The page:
L12: Technological Globalism

Are pen pals even still a thing? As a child, pen pals allowed children and students the ability to increase their network of friendships to individuals who they could not particularly build an “in real life” friendship given the circumstances.  Before the vast technological advances, it was relatively difficult keeping in contact with individuals on a regular basis, but due to the induction of internet and its impressive expansion, the gaps have been reduced mightily. With that, pen pals have evolved to something increasingly bigger given the reduction, or lack, of limitations (no more need to pay for postage).  Now, we are capable to communicate and learn about people simply by pressing send.  AS a result, we can gain much more individualized insight on different cultures in a matter of minutes.  Culture is defined as “the collective programming of the mind that distinguishes the members of one group or category of people from another (Hofstede, 2011).  Pennsylvania State University (2016) defines globalism as “the connection of countries from around the world in many different domains such as economics, government, culture and any other human idea or product.” Globalism increases interconnectivity and leads to multiculturalism, but it also can have some conflicting effects, too.

The issues that arise from multiculturalism, come in the form of the augmented possibility of a difference of the weight of certain values.  Given that cultures differ primarily on six dimensions consisting of power distance, uncertainty avoidance, individualism/collectivism, masculinity/femininity, long-term/short-term orientation and indulgence/restraint (PSU, 2016), any cross-cultural conversation which lacks sensitivity to the dimensional stance of the opposing culture, will be met with strong conflict which will not be easily digested.  This is how stereotyping sprouted into reality.  Because of our established expectations of certain cultures, we may begin to believe any and all of a certain demographic will act in the same manner.  Therefore, it is vital for all that will be doing business, learning about other cultures, or just conversing across countries’ borders, to learn as much about the culture that is planned to be immersed.  Learning about the dimensions and their weights within the countries is a fantastic starting point in ensuring there is minimal stereotyping and miscommunication.

Organizations may use social media in order to communicate overseas.  Personally, within my organization the introduction of Yammer as a source of information has helped to infuse new ways of working into our best practices in the workplace.  Given not all countries abide by the same rules, learning from the experiences in other cultures has helped at least spark a new level of conversation in order to break through some obstacles.  For instance, not too long ago, my location had an issue with a certain system suggesting more workload than necessary, which was creating conflict and controversy within and between functions.  Luckily, one of our team members spent time perusing through Yammer and stumbled upon a store in Spain experiencing the same issue, but found a resolution.  The Spain location offered suggestions in order to help the cause and soon after the issues were resolved.  This scenario has proved the usefulness of the different laws and standards in another global location given the fix would not had been allowed without authorization from corporate.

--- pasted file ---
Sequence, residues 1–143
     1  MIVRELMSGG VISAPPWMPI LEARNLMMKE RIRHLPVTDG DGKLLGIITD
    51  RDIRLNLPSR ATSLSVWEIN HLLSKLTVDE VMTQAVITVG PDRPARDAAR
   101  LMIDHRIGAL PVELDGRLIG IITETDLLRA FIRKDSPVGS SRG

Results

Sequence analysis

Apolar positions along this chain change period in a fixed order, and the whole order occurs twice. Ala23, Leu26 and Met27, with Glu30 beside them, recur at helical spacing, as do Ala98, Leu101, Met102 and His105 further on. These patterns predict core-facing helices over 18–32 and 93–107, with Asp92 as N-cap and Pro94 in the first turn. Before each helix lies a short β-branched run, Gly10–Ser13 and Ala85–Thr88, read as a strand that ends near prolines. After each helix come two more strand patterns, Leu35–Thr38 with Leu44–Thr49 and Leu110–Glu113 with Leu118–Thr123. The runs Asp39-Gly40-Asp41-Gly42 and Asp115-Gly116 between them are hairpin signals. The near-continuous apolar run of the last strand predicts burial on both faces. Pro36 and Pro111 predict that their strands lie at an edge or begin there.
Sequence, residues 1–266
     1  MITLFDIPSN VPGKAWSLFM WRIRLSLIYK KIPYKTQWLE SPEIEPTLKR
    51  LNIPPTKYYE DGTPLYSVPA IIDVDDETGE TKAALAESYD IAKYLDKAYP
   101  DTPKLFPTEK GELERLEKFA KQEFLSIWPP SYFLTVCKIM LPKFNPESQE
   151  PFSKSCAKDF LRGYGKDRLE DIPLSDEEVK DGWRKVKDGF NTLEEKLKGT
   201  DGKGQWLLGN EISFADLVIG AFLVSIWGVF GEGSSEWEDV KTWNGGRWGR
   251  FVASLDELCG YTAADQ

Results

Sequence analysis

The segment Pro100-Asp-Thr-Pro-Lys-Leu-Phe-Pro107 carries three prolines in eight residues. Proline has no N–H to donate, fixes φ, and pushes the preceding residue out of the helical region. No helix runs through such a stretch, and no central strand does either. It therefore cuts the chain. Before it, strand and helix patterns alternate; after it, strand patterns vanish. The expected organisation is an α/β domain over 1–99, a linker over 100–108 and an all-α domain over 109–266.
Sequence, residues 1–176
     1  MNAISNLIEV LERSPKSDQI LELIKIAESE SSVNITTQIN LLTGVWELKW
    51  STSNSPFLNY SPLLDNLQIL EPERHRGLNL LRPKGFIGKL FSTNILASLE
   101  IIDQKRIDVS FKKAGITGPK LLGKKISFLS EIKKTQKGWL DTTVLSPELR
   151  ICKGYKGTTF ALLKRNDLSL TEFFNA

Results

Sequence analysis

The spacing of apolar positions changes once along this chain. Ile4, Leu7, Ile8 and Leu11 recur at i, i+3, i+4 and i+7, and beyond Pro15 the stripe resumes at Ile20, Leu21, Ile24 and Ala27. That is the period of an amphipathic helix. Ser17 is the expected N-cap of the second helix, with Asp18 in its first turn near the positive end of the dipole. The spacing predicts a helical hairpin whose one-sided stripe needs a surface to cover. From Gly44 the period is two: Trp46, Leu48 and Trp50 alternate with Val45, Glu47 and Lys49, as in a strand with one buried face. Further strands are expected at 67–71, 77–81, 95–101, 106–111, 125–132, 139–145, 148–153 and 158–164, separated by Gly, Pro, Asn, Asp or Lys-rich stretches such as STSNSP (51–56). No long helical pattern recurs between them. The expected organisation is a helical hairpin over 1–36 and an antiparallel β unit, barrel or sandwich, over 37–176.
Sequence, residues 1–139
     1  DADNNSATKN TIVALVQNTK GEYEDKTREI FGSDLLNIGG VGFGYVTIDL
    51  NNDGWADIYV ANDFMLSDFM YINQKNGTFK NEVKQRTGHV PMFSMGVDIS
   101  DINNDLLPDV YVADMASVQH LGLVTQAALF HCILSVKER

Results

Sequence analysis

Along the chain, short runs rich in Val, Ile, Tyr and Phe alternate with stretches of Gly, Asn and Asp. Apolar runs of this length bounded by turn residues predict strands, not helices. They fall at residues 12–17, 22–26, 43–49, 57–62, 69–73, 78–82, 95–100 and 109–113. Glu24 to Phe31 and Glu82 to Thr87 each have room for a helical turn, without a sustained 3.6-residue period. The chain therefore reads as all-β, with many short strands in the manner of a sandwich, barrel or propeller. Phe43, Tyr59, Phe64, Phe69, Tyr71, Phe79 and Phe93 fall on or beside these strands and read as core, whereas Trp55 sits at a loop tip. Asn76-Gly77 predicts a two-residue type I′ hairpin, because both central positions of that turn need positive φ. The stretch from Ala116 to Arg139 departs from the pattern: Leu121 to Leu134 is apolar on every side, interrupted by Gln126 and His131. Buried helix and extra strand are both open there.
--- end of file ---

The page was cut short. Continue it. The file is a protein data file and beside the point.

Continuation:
The world is becoming smaller as a result of the infusion of media technological advances.  Therefore, it is increasingly useful and honorable to learn about other cultures abilities and gaps in order to make the best decision in terms of interaction.  There will be conflict, but reducing the intensity via education will help keep the group on track.



Hofstede, G., & Hofstede, G.J. (n.d.a). Culture. Retrieved from http://www.geerthofstede.nl/culture (Links to an external site.)

Hofstede, G., & Hofstede, G. J. (n.d.b). Dimensions of national cultures. Retrieved from http://www.geerthofstede.nl/dimensions-of-national-cultures (Links to an external site.)

Pennsylvania State University. (2016).  Globalism/Multiculturalism. [Online Lecture]. Retrieved from psu.instructure.com


One Comment

  1. Russell Fitzpatrick April 17, 2016 at 3:58 PM #

    Interesting post about technological advances providing for enhanced multicultural exchanges. I agree with you that it is important to acknowledge the ways that cultures differ, and try and find ways to appreciate and capitalize on those differences, rather than allow the differences to create problems. I also think, with the increase of multicultural teams, and the rapid development of the internet, as you note, that it could also be very productive to identify ways that cultures are similar. Certainly there must be things that we can use to connect us. For example, in last month’s “Translational Issues is Psychological Science” journal, a number of the articles focused on humor as being something that has developed overtime with humans. While humor may be difficult to achieve cross-culturally, surely the concept is cross-cultural. Who doesn’t enjoy laughing? Additionally, perhaps finding ways to capitalize on what Peterson and Seligman (as cited in Ruch and Heintz, 2016, p. 36) refer to as universal virtues (wisdom, courage, humanity, justice, temperance, and transcendence) can create more meaningful cultural exchanges.

    Ruch and Heintz (2016). The Virtue Gap in Humor; Exploring Benevolent and Corrective Humor. Translational Issues in Psychological Science, Vol. 2, No.1, 35-45.

Leave a Reply

Skip to toolbar